By the time Jordan was 5, he had so much energy, Kristy knew she needed to enroll him into a wheelchair sport. Jordan excelled at track. He loved to go fast. Jaydan had a talent in football. Together, the two brothers and their mother pushed on.
They've never stopped. That's not an option for Team Bird.
“She just told us it was a part of life, that we couldn't dwell on the past,” Jaydan said. “Sometimes life throws you hardballs and you have to move on. For the three of us, we just had to come closer as a family.”
Even four years ago, when Jordan could have given up after a wreck during his qualifications for the Beijing Paralympics and some politics left him off the U.S. roster, America's best wheelchair track athlete fought back.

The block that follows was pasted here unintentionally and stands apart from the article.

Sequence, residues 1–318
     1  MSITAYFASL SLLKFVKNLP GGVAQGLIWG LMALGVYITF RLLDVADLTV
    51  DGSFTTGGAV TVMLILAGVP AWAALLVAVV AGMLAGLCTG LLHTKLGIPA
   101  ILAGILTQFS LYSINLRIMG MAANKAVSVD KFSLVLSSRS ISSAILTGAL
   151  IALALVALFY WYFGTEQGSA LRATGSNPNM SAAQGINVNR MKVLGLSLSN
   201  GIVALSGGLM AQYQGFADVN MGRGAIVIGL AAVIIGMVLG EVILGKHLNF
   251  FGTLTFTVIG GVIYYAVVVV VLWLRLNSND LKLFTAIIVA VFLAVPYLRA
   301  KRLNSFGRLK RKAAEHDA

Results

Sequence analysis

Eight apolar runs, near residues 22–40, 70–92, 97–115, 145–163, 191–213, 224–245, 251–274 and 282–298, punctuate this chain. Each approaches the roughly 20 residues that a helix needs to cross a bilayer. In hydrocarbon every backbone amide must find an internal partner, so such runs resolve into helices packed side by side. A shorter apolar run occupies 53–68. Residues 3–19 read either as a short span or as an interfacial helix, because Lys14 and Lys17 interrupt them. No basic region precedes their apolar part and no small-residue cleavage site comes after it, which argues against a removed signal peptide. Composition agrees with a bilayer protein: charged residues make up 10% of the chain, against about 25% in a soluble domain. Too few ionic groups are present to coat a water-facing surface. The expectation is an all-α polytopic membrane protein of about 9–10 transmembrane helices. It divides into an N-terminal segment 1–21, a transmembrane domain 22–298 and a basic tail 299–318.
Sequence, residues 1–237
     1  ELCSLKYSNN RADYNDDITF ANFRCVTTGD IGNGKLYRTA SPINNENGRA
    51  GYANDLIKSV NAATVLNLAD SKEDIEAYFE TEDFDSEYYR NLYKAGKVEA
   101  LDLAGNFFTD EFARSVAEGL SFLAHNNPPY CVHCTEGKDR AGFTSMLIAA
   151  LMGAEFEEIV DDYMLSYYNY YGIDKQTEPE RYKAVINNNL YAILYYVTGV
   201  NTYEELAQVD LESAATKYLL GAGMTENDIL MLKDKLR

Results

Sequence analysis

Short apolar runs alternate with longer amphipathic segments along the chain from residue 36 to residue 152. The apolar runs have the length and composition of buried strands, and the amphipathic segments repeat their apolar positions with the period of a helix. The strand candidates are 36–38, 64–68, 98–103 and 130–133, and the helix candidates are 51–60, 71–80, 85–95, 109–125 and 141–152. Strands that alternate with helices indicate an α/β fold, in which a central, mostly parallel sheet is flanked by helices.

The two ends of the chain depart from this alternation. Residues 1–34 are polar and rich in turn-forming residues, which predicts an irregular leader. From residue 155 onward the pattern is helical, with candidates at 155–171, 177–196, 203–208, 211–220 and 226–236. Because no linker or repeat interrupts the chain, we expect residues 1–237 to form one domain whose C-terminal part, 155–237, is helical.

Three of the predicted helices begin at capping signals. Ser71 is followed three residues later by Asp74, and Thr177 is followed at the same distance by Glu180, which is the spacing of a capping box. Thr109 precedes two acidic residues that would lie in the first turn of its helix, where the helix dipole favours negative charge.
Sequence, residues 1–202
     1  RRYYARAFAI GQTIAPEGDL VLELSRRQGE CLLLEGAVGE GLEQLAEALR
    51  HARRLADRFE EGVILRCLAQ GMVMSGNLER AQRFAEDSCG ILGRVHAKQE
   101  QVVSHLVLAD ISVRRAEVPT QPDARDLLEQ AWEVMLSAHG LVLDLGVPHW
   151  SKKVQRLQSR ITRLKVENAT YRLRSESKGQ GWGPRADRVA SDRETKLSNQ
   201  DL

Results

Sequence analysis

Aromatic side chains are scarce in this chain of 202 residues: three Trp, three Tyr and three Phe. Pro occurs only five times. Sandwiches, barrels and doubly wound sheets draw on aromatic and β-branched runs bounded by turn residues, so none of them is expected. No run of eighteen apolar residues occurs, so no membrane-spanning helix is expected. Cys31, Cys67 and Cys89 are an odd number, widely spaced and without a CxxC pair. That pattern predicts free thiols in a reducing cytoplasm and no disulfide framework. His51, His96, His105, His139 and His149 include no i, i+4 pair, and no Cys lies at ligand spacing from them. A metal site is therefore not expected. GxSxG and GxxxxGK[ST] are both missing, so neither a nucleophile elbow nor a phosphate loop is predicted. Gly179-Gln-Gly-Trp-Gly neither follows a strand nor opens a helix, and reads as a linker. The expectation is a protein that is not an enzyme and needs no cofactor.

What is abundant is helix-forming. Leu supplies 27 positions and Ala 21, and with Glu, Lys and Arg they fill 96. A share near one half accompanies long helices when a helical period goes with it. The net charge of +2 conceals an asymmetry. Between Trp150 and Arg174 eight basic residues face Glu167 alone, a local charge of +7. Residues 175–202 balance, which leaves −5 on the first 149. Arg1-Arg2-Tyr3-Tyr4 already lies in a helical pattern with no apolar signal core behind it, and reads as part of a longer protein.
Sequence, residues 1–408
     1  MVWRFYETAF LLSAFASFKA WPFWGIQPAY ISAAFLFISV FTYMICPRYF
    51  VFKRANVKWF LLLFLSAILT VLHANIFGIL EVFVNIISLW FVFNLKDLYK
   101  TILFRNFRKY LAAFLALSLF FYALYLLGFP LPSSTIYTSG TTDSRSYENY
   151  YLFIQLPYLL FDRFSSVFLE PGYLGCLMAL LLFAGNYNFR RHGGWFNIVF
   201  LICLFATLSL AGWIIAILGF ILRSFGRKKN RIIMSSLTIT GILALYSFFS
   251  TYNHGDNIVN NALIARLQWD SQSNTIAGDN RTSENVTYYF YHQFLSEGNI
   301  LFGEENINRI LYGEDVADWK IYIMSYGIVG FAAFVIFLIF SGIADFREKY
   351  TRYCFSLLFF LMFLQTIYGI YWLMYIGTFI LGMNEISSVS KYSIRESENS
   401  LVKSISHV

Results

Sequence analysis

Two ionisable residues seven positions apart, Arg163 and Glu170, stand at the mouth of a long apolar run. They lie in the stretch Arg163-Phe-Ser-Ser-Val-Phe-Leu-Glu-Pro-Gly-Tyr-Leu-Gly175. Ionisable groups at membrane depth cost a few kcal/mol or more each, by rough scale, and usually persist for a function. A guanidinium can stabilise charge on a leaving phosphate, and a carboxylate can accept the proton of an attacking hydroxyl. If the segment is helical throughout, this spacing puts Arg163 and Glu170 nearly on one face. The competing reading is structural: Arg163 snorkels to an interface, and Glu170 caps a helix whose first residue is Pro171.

Wednesday morning, Team Bird planned to slip on their blue T-shirts, with a photo of Jordan racing and the words “U.S. Paralympics 2012” and “Go Jordan” on the front, and cheer from the stands in London and a home in Norman.
Kristy only has one wish for her sons' futures — to be college graduates.
“I see that happening, and if they have dreams of going on, I want them to fulfill those dreams,” Kristy said. “I see them getting whatever they want because they're determined and good kids.”
A little over 20 years ago, Jaydan and Jordan Bird took a drive with their father that could have left them bitter and feeling sorry for themselves, but that's not the rule for Team Bird. The rule is never look back.
And the wheels keep turning, moving them forward.